• Interesting points. Well, if someone has frittered their sick leave …holidays and leave without pay would be the way to go. Sick leave entitlement should be used sensibly. Which is why I think it is a good idea – although having said that, if you need months off for an op, or you are signed off with something like ME (I had a colleague with that) – a week is hardly long enough. Unsurprisingly there were a fair few people in the health service – and we knew some in education too – who were off for months with stress. If they ever came back they usually left shortly afterwards. Sort of ‘Hello I’m back to tell you all I’m leaving.’

      I will mention the ‘flu jabs though. Perhaps we may disagree on this? 😀

      I have an innate dislike of compulsory vaccination. I had it before working in the health service as I think it is a total invasion of civil rights – that’s before I even get into the waste of money thing. I see no reason why a healthy adult should not possess sufficient anti-bodies to fight off a virus, and I don’t think trying to protect yourself helps the immune system. All that is personal opinion and not based on any evidence. Along with the majority of Gib we didn’t take up the offer to be jabbed for H whatever flu it was a year or two ago. Staff at Morrisons supermarket have to have a compulsory ‘flu jab. I would have to be penniless to stay in a job like that.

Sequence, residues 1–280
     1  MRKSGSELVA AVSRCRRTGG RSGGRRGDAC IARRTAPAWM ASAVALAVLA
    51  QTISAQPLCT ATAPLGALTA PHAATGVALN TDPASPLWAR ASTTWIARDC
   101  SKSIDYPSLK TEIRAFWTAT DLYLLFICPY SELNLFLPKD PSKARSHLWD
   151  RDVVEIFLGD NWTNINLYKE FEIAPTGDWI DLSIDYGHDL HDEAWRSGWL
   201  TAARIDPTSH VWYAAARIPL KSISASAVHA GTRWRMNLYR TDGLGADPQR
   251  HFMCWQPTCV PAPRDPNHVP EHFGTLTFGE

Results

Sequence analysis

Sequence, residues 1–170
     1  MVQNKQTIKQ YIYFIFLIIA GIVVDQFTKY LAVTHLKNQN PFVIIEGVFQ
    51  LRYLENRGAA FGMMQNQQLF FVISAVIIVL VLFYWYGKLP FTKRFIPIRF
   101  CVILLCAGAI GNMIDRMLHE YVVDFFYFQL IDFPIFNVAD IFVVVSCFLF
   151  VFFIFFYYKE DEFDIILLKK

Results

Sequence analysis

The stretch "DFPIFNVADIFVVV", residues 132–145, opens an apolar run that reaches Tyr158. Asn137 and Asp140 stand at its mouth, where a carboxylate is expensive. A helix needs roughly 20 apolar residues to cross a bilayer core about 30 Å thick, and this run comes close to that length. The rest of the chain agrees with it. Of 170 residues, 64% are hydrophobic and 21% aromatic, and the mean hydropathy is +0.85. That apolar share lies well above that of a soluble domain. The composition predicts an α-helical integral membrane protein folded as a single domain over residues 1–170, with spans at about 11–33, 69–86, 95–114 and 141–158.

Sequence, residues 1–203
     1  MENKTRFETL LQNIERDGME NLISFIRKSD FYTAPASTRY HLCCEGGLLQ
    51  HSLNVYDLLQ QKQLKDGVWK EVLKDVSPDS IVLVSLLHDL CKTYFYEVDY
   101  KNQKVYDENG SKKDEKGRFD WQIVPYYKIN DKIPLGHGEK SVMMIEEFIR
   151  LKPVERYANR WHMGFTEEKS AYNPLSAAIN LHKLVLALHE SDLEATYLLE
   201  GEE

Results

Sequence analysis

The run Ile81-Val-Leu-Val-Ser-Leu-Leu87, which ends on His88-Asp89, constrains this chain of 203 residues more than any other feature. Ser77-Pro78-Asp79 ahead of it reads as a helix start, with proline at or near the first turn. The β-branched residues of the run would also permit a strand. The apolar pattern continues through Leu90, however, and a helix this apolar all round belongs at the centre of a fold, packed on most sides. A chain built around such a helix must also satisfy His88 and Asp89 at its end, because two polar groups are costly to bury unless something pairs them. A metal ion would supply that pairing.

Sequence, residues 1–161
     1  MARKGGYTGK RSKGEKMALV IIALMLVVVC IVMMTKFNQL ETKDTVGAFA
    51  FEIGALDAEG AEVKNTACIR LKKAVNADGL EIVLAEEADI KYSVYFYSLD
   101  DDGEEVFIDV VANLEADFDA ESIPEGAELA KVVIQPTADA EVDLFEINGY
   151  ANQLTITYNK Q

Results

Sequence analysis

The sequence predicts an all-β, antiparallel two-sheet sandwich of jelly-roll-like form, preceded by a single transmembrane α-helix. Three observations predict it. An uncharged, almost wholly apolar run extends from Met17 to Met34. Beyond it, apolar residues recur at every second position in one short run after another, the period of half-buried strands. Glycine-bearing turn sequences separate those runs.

Next, and this one is based on evidence, or at least on working with public health doctors in the health service. Unless things have changed (my usual caveat) the ‘flu vaccines have to be manufactured in advance. So much so that when they are made up, they don’t know what virus of flu is going to be prevalent that year. So it’s a pot luck guess vaccine. An even better reason not to bother with it – maybe if you are old or have a weak immune system, but I think your advice was best. Stay at home/away from sick people.